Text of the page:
A few days ago, the pro-PP Spanish newspaper El Mundo published a story indicating that Artur Mas and Jordi Pujol were under suspicion of having secret Swiss bank accounts filled with money gained through corrupt practices linked to the Palau criminal case. The newspaper presented a police memo which suggested that these suspicions were already under court investigation.
In the days that have followed, Mas and Pujol have opened legal proceedings against the journalists behind the story and they've repeatedly denied the accusations. At the same time, they've asked the Spanish ministry of justice to explain how an apparently secret police report could have been leaked, and to identify who's responsible. The judge investigating the Palau corruption case also made clear that he hadn't been given any such police report. The following day, El Mundo accused the Mossos d'Esquadra, Catalonia's police force, of helping to destroy evidence linked to the case. The Mossos are also opening legal proceedings against the newspaper.
Yesterday, the ministry of justice informed the Catalan newspaper ARA that it couldn't find the original police report but that it seemed to be at least partly based on several different unofficial reports that it has found. Meanwhile, the same ministry informed the EFE agency that it thought the rest of the info on the mysterious police report could well be sourced from internet rumours, and not from any formal investigation. The rumours, not hard to find online, contain several names linked with the Catalan government. Many of the other names implicated are of senior PP officials in various central or autonomous governments. El Mundo did not publish any of these names in its story.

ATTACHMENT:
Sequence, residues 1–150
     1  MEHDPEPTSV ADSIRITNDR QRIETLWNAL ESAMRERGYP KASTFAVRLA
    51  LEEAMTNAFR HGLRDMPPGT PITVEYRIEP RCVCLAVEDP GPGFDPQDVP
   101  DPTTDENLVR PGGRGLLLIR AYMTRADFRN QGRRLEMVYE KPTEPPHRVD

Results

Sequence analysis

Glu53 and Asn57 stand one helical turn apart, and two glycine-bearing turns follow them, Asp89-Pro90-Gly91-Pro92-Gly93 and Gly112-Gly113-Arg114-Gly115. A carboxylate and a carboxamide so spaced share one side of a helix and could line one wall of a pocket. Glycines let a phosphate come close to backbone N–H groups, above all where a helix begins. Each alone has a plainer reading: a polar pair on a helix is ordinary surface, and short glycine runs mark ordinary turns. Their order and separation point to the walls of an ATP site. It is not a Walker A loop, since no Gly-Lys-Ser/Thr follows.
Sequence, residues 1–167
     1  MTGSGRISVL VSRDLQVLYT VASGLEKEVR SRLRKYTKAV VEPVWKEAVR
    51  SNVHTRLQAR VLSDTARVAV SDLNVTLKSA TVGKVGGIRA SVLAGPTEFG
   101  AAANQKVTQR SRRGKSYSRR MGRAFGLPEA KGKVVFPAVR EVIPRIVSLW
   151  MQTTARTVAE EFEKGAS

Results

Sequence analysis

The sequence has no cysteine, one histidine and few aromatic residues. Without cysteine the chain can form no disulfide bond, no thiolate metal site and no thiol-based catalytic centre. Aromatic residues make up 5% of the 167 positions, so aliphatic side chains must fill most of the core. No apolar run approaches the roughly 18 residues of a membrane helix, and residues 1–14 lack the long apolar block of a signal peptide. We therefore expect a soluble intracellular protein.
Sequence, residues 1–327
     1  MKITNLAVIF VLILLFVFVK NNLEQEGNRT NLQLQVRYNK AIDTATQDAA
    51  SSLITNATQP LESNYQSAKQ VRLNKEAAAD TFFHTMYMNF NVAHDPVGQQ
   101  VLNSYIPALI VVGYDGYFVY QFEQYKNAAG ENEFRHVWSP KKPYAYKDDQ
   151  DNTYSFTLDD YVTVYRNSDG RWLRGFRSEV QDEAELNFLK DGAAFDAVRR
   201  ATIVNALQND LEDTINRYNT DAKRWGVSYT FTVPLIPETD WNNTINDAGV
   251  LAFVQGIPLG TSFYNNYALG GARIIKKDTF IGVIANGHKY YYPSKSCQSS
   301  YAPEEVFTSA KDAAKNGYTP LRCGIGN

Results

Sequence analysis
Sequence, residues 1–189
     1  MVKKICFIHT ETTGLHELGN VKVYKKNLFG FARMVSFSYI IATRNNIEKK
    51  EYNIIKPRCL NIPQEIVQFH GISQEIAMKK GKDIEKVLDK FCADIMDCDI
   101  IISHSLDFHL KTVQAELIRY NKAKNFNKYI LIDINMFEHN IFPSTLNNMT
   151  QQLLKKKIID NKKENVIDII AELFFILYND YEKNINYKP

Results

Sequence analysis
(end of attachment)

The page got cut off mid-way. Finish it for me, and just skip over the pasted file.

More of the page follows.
El Mundo has a mixed record when it comes to political revelations. In the past it helped uncover corruption scandals and government involvement with the GAL terrorist group. More recently, it spent months insisting that ETA was involved in the 11M Madrid bombings, despite a lack of evidence. Historically, El Mundo's targets for these exposés have been either politically neutral civil servants or political opponents of the PP.
Right now, it's not clear how this story will develop. Is it possible that Mas and Pujol have actually received funds from corrupt public contract deals? Of course it is. But the absence of an actual police report on which the story depends, and irregularities in the info presented by El Mundo suggest that there is at least a chance that this might not join the ranks of El Mundo's illustrious investigations. Some police sources apparently blame central government HQ for the leaks.
El Mundo most likely planned this story as a sort of late 'October surprise'. Will it have any effect on the Catalan elections? I doubt it.